The Rheumatology appointment was more like a mystery to solve, or at least that was my mental status walking into a brand new, state of the art facility that housed my new physician. He was great at the appointment. I came with a list of questions, and as an avid researcher, a list of possible diagnoses. (I am sure I annoyed him, but he was more than kind!) He took the time to really listen to what was going on and given my family history of a number of autoimmune diseases, he decided to run additional blood work. He was confident that it would all turn out negative, even going the extra mile to say that he would see me in a year to re-check my blood work. He thought that I would likely develop an autoimmune disease, but probably did not have one due to my slight elevation of Rheumatoid Factor.

However, 2 days before my 35th birthday, I got the results that would alter my life. I woke up early knowing that my results would come in and the anxiety built to an all-time high as I typed in my username and password. I clicked on the results tab on the portal and discovered I had a positive anti-CCP.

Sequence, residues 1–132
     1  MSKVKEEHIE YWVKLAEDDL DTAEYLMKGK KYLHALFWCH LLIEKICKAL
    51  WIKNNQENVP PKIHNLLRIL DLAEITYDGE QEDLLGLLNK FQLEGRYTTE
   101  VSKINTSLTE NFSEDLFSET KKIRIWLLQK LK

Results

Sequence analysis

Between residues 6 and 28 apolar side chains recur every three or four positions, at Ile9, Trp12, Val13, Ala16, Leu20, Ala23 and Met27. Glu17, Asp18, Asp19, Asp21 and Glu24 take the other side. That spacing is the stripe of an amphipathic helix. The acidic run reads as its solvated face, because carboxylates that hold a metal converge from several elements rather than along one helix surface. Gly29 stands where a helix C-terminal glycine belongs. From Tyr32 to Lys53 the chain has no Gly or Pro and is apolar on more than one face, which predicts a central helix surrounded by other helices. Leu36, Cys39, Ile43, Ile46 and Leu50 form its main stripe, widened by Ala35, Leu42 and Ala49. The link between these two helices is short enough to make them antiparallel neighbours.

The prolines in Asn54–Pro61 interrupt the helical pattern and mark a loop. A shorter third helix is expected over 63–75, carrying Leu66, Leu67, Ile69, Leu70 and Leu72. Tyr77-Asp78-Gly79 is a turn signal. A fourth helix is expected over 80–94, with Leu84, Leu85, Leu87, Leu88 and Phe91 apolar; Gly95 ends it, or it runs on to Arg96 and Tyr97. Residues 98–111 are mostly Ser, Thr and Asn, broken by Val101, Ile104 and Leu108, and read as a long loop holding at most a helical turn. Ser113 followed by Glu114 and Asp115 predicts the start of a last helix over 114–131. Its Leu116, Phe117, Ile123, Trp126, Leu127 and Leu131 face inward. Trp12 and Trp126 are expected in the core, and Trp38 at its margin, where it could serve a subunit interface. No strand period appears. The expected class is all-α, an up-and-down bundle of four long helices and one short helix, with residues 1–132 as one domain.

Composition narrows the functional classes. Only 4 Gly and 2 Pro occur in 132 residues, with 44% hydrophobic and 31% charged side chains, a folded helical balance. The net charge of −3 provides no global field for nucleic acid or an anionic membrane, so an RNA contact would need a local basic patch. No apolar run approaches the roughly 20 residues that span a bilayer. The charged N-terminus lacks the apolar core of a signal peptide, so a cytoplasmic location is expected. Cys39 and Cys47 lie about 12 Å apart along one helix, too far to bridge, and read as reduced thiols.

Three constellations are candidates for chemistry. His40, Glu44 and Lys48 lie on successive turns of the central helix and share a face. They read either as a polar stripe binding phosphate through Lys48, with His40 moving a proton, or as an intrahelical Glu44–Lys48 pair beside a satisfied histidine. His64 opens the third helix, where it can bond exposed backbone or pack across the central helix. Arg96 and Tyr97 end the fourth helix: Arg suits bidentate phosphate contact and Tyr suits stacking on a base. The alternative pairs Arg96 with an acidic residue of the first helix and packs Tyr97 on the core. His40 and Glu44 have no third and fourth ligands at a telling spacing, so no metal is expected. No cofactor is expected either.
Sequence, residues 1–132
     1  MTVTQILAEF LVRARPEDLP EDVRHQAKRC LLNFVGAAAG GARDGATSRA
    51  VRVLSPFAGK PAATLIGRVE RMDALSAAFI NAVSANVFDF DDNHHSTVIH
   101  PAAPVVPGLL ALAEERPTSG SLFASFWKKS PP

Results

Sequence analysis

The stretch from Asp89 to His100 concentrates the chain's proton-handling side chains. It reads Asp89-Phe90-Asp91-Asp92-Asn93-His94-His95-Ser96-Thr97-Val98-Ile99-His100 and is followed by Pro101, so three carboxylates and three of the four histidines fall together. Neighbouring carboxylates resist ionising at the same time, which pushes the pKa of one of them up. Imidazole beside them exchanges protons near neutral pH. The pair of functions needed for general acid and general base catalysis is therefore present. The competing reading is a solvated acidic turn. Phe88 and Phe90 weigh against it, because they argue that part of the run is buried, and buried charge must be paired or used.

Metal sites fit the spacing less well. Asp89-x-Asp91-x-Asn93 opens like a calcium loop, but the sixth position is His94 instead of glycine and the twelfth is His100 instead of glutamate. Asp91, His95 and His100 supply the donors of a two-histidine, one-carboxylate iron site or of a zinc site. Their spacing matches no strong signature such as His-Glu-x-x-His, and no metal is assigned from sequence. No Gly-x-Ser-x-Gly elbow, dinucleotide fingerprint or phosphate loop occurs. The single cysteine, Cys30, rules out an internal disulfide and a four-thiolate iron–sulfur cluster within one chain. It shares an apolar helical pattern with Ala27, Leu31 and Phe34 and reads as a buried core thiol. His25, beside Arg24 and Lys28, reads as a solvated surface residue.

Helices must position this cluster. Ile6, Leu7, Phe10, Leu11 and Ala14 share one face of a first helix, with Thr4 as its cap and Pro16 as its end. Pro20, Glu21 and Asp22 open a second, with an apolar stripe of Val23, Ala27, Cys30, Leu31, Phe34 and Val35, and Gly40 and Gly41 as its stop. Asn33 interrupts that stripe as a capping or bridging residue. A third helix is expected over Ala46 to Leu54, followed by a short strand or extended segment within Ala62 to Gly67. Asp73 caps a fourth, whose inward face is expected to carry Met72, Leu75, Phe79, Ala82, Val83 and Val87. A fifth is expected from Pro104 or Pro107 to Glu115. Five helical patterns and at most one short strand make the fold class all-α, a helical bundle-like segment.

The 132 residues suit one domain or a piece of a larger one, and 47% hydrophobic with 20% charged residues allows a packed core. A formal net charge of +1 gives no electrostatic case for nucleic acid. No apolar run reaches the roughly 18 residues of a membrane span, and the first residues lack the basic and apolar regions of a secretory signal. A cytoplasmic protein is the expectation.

My levels were extremely high. So high, that there was no longer a doubt in my mind, or my physician’s mind that I have RA. I remember even seeing him write me a note and saying it was “strongly positive.” This news hit me like a freight train. Part of me was accepting as I knew something was going on with my body. But, there was part of me that was not. I felt that I was too young as most of the information I knew (or thought I knew) at the time was that old people had RA, not younger people. I even remember telling my very supportive husband that I was “so young.” (I later learned most people get the diagnoses in the middle of their lives.)

I spent the next several days and weeks researching everything I could. I found some very helpful blogs written by people like me. Regular people living with a progressive disease. A life changing disease. I learned that I would have to alter my lifestyle to fight/live with this disease because I am a mother to a young child and want to be able to move my body and live the best life I can. I decided to start with methotrexate while I figuratively buckled my seat belt and started my bumpy ride…